This weekend we celebrate American workers and the contributions they have made to the strength and prosperity of our country. Immediately after the holiday, our congressional leaders will return to work and take up the task of tax reform. As they do so, we want them to remember the needs of the hardworking Utahns who help make our state and country great.
The Earned Income Tax Credit (EITC) is one of the most effective tools our nation has to reduce poverty. It promotes work and provides the extra boost needed for low- and middle-income earners to have a fair shot at a better life. With that goal in mind, the Westminster College Pro Bono Tax Clinic has helped thousands of families and individuals across the Wasatch Front with the preparation and filing of their state and federal tax returns since 1998. In 2017, we helped over 2,600 families and individuals, which brought over $4 million back to the community, of which about $1.6 million was from the EITC and CTC — money our community desperately needs.
This anti-poverty, pro-work credit helps working families keep their heads above water, but younger workers, workers not raising children at home and families with income just outside the current income thresholds are excluded from its benefits. Last tax season, we met and served many individuals and families who were at or close to the poverty line but did not qualify for EITC because of their income base or their age. In fact, 7.5 million Americans, hardworking people who could really use the EITC, shoulder a greater tax burden because they either fall outside the age limitation or the income threshold, making them ineligible for EITC, pushing them further into poverty.
Individuals in this group are noncustodial parents contributing to child expenses, veterans returning home and trying to find stable ground or younger workers paying for their own higher education and living expenses. These are people who could use the EITC to climb out of poverty and build better lives. I am not saying the EITC will save our community from poverty, but it is an enormous step toward helping families and individuals make ends meet and pay for necessities like food, shelter, clothing, utilities and school supplies for their children’s education.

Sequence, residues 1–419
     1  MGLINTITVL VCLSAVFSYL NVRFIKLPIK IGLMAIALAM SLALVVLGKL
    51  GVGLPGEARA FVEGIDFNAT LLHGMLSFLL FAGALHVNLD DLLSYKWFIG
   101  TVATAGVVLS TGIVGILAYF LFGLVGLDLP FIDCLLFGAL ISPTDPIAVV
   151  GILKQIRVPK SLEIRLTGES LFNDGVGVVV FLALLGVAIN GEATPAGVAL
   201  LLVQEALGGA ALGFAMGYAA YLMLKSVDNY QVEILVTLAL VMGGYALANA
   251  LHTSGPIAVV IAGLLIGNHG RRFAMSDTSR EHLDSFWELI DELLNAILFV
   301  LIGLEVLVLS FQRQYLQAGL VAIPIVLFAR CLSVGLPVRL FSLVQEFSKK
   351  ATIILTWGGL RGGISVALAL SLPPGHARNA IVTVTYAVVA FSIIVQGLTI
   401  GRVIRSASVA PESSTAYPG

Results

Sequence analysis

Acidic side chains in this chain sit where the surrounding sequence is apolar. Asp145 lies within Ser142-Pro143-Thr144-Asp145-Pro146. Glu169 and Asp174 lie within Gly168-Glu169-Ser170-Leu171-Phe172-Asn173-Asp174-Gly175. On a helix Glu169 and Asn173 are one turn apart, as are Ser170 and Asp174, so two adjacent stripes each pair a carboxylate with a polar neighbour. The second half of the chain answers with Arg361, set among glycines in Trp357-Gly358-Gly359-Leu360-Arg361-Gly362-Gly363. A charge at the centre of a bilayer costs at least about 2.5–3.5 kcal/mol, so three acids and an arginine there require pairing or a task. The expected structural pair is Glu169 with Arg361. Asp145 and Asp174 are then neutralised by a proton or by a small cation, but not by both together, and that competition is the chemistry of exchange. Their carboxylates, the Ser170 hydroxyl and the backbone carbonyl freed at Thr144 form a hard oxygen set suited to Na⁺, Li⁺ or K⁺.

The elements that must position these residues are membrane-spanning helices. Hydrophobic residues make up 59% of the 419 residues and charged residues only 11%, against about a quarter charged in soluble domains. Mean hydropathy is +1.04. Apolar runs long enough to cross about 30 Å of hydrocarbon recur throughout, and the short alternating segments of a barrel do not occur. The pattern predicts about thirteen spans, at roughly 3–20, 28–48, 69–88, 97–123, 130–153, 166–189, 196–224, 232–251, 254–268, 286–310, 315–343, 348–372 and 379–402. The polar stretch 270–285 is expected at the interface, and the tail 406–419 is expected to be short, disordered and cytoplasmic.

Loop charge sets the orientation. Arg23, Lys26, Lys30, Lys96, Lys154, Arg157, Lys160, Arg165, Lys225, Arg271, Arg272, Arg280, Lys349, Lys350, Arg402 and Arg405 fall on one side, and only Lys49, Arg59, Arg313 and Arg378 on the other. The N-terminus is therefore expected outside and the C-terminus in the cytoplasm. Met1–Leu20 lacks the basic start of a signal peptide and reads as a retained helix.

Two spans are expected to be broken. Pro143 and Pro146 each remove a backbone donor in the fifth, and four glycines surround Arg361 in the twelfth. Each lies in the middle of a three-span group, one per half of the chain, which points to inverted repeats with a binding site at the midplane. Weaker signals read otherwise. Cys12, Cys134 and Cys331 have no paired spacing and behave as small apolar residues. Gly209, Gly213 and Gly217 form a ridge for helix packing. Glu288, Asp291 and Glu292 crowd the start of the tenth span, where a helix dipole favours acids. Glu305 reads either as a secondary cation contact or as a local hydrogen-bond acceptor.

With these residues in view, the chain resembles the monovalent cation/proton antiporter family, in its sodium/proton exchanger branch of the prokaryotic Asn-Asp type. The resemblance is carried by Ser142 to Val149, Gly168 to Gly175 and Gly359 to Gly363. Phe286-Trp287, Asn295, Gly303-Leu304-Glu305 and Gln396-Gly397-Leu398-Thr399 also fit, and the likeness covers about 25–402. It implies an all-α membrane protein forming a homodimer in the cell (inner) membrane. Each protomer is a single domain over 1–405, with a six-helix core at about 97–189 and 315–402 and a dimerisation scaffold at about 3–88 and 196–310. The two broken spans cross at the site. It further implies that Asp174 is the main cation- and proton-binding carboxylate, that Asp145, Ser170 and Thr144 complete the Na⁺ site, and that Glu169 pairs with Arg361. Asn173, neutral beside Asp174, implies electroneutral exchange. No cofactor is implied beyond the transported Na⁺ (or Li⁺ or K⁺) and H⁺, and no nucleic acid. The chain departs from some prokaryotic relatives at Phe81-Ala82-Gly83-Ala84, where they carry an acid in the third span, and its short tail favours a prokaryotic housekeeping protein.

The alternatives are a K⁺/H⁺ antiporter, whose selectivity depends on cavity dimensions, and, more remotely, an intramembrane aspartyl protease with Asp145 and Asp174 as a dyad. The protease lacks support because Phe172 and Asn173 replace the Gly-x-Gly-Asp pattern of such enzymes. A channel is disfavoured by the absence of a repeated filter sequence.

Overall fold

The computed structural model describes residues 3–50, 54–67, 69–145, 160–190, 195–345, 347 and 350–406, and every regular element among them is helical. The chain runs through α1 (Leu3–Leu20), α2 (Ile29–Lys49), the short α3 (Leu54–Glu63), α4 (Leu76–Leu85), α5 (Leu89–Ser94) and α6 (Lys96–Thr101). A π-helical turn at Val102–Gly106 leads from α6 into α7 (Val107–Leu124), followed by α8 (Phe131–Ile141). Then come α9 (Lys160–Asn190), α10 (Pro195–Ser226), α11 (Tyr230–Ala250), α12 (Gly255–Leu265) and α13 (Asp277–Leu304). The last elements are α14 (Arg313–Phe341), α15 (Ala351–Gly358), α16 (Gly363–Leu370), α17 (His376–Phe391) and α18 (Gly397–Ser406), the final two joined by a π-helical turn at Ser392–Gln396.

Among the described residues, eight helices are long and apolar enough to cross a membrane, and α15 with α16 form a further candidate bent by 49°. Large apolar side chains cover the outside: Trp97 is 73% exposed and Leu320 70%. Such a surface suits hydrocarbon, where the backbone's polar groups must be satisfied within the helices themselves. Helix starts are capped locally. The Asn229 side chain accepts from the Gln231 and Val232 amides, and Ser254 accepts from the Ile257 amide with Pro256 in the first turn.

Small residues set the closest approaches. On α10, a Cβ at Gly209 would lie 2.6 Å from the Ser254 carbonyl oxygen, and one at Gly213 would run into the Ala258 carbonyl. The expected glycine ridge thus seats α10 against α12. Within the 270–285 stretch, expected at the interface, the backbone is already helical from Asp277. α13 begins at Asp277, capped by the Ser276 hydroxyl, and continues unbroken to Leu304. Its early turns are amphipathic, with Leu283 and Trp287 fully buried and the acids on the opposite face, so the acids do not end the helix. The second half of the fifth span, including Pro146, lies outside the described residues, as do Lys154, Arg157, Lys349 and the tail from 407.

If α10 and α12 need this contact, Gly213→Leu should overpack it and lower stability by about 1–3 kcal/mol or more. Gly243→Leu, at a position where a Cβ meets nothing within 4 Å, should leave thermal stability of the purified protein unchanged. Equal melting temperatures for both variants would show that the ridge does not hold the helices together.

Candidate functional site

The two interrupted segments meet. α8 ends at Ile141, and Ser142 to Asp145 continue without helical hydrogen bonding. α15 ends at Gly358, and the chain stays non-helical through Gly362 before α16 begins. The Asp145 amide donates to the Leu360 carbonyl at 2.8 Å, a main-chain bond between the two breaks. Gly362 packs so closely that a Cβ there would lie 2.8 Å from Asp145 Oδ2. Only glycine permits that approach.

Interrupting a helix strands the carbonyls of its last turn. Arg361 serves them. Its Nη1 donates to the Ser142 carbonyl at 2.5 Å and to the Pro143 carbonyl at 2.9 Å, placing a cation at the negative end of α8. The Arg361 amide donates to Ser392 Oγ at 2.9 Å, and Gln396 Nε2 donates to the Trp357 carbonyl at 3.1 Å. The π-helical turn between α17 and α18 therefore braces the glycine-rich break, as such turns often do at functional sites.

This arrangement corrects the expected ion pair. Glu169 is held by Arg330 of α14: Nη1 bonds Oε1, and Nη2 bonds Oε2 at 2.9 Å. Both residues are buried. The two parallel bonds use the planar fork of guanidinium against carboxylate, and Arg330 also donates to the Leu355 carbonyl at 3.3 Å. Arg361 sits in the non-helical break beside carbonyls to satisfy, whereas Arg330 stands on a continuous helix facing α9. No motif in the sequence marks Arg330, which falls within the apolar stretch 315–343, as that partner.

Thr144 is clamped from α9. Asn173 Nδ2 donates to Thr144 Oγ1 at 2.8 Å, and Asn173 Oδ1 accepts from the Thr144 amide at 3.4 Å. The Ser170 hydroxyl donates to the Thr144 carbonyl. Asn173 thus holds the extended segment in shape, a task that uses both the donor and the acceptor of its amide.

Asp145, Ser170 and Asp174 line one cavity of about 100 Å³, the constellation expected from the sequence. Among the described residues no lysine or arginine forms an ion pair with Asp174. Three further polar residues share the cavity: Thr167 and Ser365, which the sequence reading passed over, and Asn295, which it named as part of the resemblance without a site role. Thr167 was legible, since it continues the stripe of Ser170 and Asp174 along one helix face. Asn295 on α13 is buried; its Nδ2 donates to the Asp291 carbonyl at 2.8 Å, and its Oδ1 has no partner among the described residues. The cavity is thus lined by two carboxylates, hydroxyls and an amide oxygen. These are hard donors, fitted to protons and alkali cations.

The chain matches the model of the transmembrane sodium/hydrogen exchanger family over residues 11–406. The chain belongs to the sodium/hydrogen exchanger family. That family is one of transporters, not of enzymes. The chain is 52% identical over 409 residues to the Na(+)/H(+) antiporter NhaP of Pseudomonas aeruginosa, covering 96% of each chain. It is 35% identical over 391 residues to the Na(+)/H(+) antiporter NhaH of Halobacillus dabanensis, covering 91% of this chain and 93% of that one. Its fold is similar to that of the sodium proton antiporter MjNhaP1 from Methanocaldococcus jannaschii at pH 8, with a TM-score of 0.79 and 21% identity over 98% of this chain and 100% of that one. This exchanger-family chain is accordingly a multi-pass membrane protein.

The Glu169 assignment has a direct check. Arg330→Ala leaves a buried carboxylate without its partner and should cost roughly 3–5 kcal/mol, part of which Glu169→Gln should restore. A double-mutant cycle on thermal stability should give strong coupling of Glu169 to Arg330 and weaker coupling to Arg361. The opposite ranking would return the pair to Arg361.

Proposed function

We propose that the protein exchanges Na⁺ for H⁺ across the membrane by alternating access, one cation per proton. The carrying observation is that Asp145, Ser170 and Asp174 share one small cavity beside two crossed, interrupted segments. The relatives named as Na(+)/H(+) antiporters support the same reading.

Expanding the EITC for this group and lowering the age of eligibility to 21 would stabilize 13 million Americans, including 99,000 workers in Utah. Sens. Hatch and Lee, Congresswoman Love and Congressmen Bishop and Stewart, I implore you to protect the EITC and expand it for the 4,000 veteran and military service members, 44,000 workers ages 21 to 24 and 11,000 rural workers in Utah. Let the rest of Congress know the EITC is important to the people of Utah and makes a difference in our lives.
Emily Sharp Rains, LL.M of Taxation, J.D., is an assistant professor at Westminster College's Bill and Vieve Gore School of Business.